After announcing the death of the five passengers, it was later revealed that debris form the imploded sub was found near the site of the Titanic.
OceanGate, based in Washington, shuttered its door amid the search and after the disaster and questions flew about the future of deep-sea tourism at the site.
A door with signage removed at OceanGate’s headquarters at the Port of Everett on June 20
Canadian police are considering whether ‘criminal, federal, or provincial laws’ were broken in the lead up to the Titan submersible disaster.
The Royal Canadian Mounted Police are examining ‘the circumstances that led to the deaths’ of the five crew on board the sub and decide ‘whether or not a full investigation is warranted’.
Their investigation started at the end of June, a day after it emerged human remains were found during the recovery mission and segments of the vessel were brought ashore.
Superintendent Kent Osmond, of the Royal Canadian Mounted Police, said a team of investigators has been established with the ‘sole purpose’ of determining whether a criminal investigation would be warranted.
‘Such an investigation will proceed only if our examination of the circumstances indicate criminal, federal or provincial laws may possibly have been broken,’ he said.
‘Following the US Coast Guard’s announcement earlier this week that debris from the submersible was located and all five on board were presumed dead, we will now look at the circumstances that led to those deaths.
‘Our investigators are engaged and active in this matter as of this morning. Once a determination has been made as to whether or not a full investigation will be launched, we will provide an update at that time.’
Families of the Titan submersible victims could sue its operator OceanGate, the maker of the vessel and companies that provided parts, legal experts have said.
Lawyers said relatives could seek damages from any outside parties involved in the Titan’s construction if they were found to be negligent and a cause of the implosion.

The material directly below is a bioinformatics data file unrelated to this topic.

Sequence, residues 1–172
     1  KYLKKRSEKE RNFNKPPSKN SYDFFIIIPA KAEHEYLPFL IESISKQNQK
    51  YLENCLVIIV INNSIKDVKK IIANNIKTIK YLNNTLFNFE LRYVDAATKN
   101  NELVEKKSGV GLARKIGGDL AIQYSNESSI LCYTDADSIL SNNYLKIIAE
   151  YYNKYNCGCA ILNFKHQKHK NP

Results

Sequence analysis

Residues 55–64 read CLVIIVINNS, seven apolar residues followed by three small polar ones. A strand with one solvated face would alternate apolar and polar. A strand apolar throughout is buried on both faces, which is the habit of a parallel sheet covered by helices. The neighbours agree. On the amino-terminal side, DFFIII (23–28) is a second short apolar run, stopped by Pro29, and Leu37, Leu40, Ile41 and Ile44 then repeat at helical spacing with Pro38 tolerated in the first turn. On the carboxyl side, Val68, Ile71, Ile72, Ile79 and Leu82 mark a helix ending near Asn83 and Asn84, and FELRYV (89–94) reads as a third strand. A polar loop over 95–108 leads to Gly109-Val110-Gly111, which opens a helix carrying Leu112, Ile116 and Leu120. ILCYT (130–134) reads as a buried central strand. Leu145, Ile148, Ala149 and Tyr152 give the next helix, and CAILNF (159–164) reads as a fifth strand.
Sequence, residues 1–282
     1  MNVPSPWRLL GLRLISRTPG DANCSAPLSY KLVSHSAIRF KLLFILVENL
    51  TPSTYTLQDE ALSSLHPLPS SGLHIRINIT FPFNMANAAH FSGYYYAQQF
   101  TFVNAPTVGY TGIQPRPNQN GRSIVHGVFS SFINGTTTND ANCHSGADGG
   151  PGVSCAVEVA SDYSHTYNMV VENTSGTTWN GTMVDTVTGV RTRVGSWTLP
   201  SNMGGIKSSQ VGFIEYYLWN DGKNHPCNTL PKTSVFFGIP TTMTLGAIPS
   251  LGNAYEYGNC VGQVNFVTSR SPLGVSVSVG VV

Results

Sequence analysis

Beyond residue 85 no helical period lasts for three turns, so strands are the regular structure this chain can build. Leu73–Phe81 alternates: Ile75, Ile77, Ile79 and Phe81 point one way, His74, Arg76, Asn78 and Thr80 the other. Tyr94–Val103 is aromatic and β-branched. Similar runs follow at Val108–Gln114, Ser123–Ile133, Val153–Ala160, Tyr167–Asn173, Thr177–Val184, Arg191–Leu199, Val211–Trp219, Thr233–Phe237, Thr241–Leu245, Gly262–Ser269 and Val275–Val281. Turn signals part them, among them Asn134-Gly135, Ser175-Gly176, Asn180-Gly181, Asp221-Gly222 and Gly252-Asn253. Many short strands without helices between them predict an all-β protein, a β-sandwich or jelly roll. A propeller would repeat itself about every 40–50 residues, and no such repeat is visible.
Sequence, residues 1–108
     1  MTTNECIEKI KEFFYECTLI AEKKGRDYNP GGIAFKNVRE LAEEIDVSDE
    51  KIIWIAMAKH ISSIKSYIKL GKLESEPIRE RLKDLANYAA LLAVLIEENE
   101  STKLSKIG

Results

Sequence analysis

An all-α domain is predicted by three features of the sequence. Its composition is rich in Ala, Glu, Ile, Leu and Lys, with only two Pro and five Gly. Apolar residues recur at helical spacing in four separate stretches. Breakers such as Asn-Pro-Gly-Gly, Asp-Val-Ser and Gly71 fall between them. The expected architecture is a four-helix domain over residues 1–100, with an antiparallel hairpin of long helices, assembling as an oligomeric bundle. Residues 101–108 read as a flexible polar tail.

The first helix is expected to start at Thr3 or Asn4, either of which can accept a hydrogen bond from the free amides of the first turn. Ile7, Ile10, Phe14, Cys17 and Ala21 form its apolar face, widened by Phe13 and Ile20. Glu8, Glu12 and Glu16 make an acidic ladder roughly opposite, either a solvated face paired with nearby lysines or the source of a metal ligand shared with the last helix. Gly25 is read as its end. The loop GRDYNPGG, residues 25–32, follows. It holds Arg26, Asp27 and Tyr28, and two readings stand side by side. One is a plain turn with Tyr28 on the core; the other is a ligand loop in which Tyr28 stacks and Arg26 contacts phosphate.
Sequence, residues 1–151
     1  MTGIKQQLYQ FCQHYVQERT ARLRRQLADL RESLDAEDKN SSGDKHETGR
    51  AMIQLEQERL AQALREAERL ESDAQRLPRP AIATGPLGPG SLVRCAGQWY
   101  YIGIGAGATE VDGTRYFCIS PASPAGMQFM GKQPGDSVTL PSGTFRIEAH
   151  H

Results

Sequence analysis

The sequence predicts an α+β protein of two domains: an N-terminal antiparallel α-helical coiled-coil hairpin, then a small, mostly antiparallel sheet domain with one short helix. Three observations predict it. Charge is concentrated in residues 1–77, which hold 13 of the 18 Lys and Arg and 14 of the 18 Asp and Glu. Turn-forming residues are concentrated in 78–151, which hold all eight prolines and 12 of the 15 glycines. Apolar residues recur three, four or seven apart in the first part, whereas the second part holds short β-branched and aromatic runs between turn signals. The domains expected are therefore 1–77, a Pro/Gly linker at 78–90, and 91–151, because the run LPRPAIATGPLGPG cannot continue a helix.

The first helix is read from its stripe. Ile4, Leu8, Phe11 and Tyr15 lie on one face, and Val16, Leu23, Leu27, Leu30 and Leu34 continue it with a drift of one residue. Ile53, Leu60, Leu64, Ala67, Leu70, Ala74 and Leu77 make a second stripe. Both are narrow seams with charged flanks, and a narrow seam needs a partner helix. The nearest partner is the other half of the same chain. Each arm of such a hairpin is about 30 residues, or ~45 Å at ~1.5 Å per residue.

Experts say wrongful death and negligence lawsuits could be filed by families of the victims. The five passengers who died are thought to have been asked to sign liability waivers before they boarded the vessel.
The waiver said that passengers could experience physical injury, disability, emotional trauma and death while on board the Titan.
That waiver could play a big role in legal action as families consider their options, but a major complicating factor is that the disaster happened in international waters.
Legal experts say the implosion occurred ‘basically in a regulatory no man’s land’ and jurisdiction will be hard to establish both for the families and the investigations.
Any disputes relating to the waivers would likely be governed by the laws of the Bahamas, where OceanGate is registered – but families could also try to declare the waiver to be invalid in the US and bring a lawsuit there, or in their home countries.
US legal expert Dr. Nick Oberheiden, of Federal-lawyer.com, said families could win more than $100million if they sue OceanGate – and could choose to pursue it as a group claim, which might improve their chances of winning by sharing resources.
A statement from OceanGate is posted at the entrance of the firm’s base at the Port of Everett
A view of OceanGate equipment within the boatyard at the Port of Everett complex on June 22
A CBS reporter who made the trip with OceanGate Expeditions in July 2022 reported that the waiver he signed mentioned the possibility of death three times on the first page alone.
Legal experts said what the investigation into the disaster uncovers will determine much about any legal case from families, including what caused the vessel to implode.
Liability waivers – sometimes referred to as release forms – are typical before doing recreational activities that carry some measure of risk, such as sky diving or scuba diving.
By signing the document, passengers generally accept the risk and dangers related to the activity and if they are injured, absolve the company’s owner of liability.
Matthew Shaffer, a trial lawyer with the maritime personal injury law firm Schechter, Shaffer and Harris, said the forms are commonplace before doing any kind of ‘ultra-hazardous recreational activity.’